HARTFORD, Conn. (AP) — Connecticut lawmakers, shaken by the death of a colleague killed in a wrong-way crash earlier this year, unanimously approved a bill Wednesday that attempts to curtail the growing problem of wrong-way drivers.
The legislation calls for the installation of detection and notification systems on at least 120 high-risk highway exit ramps statewide. It also requires a new public education campaign to teach drivers how to reduce wrong-way incidents and handle an encounter with a wrong-way driver on the road.
“This has been a difficult year for a lot of us. And it’s been a difficult year for a lot of Connecticut families across our state who have seen this dramatic increase," said Democratic Rep. Roland Lemar, noting there were 13 wrong-way crashes in Connecticut in 2022, resulting in 23 fatalities. That was the most on record for the state.
“I believe we have a bill before us that positions Connecticut to be proactive in addressing this issue," the New Haven lawmaker said. Under the legislation, an alert system would set off flashing lights when a wrong-way driver is detected, notify police and broadcast the presence of a wrong-way driver on electronic message boards along the highway.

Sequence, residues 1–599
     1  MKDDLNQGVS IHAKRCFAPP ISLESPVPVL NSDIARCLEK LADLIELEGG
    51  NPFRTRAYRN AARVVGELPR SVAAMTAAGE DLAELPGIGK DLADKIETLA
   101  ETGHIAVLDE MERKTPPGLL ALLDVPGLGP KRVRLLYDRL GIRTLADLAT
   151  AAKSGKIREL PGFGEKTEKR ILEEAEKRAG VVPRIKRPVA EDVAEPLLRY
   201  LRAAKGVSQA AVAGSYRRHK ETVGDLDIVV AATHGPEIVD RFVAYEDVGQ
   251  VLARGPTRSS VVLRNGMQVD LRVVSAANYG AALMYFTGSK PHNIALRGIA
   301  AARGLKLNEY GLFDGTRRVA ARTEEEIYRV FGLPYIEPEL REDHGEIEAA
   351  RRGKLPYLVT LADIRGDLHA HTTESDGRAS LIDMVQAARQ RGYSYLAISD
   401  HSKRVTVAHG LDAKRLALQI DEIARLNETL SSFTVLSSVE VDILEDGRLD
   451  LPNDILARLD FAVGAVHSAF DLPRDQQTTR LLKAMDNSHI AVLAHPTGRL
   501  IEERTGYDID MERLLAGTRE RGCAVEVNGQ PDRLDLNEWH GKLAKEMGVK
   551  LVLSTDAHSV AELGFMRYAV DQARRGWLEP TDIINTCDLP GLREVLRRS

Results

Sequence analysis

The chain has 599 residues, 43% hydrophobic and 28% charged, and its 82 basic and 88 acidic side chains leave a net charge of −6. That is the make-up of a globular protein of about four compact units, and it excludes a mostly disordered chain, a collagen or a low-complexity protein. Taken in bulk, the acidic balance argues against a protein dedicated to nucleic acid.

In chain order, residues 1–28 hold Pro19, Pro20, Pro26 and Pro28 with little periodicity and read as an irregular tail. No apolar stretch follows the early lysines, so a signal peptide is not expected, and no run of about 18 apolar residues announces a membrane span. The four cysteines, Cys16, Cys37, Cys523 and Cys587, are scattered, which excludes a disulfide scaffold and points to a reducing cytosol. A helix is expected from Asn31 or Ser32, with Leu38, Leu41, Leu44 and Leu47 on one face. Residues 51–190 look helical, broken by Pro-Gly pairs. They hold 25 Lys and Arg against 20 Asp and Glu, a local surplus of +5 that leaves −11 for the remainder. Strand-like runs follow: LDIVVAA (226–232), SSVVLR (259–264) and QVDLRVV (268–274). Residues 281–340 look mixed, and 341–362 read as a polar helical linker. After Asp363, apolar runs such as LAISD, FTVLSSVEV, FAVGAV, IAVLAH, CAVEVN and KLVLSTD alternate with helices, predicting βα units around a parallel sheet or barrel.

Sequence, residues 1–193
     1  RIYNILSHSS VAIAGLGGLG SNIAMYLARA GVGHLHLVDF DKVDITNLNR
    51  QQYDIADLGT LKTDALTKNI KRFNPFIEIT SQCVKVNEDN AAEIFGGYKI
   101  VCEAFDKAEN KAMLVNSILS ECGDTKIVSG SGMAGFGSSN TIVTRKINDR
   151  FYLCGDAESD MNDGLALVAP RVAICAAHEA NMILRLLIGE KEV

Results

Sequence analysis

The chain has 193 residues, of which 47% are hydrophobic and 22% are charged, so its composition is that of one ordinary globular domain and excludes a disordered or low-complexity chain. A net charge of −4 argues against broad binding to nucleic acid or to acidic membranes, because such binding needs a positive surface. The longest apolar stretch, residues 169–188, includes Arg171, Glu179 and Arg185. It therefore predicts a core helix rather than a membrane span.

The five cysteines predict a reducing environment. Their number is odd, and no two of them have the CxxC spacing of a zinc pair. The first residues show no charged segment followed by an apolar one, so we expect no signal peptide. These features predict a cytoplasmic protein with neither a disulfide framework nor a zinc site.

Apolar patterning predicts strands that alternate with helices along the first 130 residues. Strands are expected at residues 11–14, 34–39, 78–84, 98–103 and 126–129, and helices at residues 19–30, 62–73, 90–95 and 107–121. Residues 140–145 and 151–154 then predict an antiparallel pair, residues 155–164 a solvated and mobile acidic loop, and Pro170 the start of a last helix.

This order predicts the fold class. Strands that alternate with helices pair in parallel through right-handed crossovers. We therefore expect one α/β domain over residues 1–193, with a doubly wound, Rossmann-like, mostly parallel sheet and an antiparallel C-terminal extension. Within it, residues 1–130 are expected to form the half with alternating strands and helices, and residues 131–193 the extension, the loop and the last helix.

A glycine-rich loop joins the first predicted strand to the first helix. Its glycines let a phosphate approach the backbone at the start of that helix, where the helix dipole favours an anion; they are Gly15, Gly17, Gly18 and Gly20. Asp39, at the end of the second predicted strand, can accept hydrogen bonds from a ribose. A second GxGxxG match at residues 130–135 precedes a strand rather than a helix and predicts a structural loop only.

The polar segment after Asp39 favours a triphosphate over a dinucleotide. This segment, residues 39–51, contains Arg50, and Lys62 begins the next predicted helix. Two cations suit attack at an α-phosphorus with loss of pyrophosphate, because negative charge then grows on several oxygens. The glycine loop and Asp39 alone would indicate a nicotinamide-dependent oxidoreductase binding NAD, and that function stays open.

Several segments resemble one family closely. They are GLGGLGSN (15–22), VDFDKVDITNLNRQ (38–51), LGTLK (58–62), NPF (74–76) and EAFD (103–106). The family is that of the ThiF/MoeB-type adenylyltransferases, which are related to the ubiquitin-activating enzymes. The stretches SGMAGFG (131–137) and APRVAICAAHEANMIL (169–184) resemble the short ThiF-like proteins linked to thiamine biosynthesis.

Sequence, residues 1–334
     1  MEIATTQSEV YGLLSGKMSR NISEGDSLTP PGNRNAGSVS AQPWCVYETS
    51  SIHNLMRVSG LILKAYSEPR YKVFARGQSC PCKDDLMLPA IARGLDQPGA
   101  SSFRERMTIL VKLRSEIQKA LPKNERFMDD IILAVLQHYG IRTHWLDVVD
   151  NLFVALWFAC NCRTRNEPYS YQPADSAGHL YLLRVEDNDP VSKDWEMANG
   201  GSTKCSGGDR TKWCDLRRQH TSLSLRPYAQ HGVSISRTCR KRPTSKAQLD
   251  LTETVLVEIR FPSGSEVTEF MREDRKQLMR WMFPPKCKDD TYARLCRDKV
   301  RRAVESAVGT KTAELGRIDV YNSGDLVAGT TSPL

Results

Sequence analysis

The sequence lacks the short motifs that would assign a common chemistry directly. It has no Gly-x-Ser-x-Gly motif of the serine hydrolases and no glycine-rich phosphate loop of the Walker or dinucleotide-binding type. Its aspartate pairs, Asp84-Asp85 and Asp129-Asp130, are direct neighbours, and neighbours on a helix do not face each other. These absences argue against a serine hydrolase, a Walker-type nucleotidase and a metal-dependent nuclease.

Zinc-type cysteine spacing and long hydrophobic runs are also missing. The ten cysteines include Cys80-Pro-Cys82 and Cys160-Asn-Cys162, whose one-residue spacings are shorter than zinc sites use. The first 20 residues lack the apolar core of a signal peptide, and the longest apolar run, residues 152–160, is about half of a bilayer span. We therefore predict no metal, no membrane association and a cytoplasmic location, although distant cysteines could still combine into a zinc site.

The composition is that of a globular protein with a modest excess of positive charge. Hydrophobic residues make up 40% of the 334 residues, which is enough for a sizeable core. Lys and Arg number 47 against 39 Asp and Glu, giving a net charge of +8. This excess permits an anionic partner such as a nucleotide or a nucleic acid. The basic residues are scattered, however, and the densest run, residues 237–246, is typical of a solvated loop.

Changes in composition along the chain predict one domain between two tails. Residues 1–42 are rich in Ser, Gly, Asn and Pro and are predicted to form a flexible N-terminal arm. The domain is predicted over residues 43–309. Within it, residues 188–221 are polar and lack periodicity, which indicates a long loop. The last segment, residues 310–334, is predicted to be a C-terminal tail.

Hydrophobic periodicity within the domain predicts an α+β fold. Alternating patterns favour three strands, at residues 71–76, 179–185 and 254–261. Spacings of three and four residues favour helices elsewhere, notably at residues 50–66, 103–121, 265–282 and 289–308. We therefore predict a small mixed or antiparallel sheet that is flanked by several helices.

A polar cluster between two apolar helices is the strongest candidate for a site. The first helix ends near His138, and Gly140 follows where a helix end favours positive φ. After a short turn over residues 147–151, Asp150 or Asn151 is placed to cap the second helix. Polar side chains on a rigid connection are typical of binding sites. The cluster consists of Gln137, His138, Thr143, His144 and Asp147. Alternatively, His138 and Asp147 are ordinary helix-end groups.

Middletown Democratic Rep. Quentin Williams, 39, died in the early morning hours of Jan. 5 as he returned home from Gov. Ned Lamont’s inaugural ball in Hartford. His car burst into flames after it was struck head-on by a wrong-way driver on a highway about 15 miles (24 kilometers) south of Hartford. The crash happened just hours after Williams was sworn in for a third term, shocking and saddening family, friends and colleagues.
A state police report found both Williams and the wrong-way driver, who also died in the crash, were both over the legal limit for alcohol at the time.
Rep. Kathy Kennedy, a Republican from Milford, recalled a frightening personal story about coming across a wrong-way driver that kept following her headlights when she tried to avoid a head-on crash. Kennedy said people really need to pay more attention when they're behind the wheel.
“We need to get to where we’re going and then we need to get back home,” she said “And we know in our own house here that that wasn’t the case this year.”
The bill passed the House of Representatives 151-0 after less than 15 minutes of debate. It now moves to the state Senate, where passage is also expected.